3.3. Raman spectra analysis
As shown in Fig. 3, the Raman spectral analysis was performed to examine the ability to interact among both RGO and WO3. There were two peaks in the Raman spectra of bare RGO: the D-band peak at 1387 cm− 1 and the G-band peak at 1556 cm− 1 wavenumber. The peaks acquired in the Raman spectrum confirm the WO3 crystallographic phase and are well suited to literature reports . At 715 and 826 cm− 1, the W-O-W bending mode was ascertained in the WO3 system. In the RGO/WO3 matrix, the WO3 peak magnitudes are reduced, that may be due to a reduction in the shape of WO3 particles on RGO. It is important to note that the G band was rise from 1556 to 1570 cm− 1 contrasted to RGO in the RGO-WO3 nanostructures, confirming the synthetic doping of carbon materials in WO3. Rather than mixing equal RGO and WO3, this chemical doping indicates the creation of an authentic composite.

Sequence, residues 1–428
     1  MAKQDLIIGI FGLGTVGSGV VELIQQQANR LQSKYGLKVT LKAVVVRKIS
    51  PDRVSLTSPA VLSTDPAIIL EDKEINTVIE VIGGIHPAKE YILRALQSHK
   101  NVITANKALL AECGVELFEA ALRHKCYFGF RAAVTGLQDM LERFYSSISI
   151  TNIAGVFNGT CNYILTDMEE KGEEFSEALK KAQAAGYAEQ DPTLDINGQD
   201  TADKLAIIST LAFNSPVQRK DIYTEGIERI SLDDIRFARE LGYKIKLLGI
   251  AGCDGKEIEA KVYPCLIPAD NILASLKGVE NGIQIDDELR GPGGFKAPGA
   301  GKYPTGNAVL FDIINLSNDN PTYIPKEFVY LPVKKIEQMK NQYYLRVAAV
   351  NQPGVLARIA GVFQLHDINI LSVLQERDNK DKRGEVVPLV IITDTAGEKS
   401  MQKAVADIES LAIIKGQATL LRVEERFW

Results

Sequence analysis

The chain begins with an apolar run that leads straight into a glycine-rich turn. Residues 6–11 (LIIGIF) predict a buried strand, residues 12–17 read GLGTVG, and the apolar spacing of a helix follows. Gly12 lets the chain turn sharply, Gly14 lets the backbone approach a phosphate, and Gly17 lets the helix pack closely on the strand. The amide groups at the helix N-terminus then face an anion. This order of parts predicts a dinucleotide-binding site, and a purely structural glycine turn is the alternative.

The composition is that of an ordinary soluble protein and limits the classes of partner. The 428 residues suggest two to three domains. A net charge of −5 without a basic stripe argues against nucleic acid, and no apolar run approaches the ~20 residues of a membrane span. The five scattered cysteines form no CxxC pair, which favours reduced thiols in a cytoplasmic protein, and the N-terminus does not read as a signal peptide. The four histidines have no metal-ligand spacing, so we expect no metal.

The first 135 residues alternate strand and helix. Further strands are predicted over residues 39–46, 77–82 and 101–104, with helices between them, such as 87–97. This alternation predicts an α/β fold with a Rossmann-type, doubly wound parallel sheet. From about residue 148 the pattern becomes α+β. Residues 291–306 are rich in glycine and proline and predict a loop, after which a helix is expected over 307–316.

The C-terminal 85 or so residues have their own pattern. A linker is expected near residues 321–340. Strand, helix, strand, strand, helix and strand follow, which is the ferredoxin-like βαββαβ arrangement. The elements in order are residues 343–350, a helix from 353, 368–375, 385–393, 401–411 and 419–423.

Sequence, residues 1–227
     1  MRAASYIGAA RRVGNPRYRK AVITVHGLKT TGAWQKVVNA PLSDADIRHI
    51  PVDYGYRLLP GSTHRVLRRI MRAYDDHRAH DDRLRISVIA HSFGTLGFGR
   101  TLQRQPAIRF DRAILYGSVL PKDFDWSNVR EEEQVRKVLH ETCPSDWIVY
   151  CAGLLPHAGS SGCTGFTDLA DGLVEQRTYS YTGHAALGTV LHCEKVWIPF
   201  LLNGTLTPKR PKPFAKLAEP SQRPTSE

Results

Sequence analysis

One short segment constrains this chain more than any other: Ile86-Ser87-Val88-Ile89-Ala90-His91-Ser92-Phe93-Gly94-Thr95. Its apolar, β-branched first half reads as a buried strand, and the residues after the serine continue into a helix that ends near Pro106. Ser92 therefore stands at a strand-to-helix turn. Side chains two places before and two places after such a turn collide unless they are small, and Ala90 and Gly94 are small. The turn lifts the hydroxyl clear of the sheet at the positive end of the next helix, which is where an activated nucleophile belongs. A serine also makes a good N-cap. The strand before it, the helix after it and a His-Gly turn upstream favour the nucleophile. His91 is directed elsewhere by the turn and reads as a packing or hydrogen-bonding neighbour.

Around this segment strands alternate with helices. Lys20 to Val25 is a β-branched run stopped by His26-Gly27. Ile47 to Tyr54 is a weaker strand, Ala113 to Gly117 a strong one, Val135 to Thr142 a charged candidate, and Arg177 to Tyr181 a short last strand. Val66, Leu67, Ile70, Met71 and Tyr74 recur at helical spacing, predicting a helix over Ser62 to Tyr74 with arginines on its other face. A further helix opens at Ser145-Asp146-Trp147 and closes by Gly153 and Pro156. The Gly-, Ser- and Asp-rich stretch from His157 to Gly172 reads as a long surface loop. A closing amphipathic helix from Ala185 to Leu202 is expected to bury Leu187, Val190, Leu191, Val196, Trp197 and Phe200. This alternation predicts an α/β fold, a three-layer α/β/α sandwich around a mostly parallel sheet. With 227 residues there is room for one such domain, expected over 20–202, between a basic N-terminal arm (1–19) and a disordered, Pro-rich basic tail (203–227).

3.4. Optical studies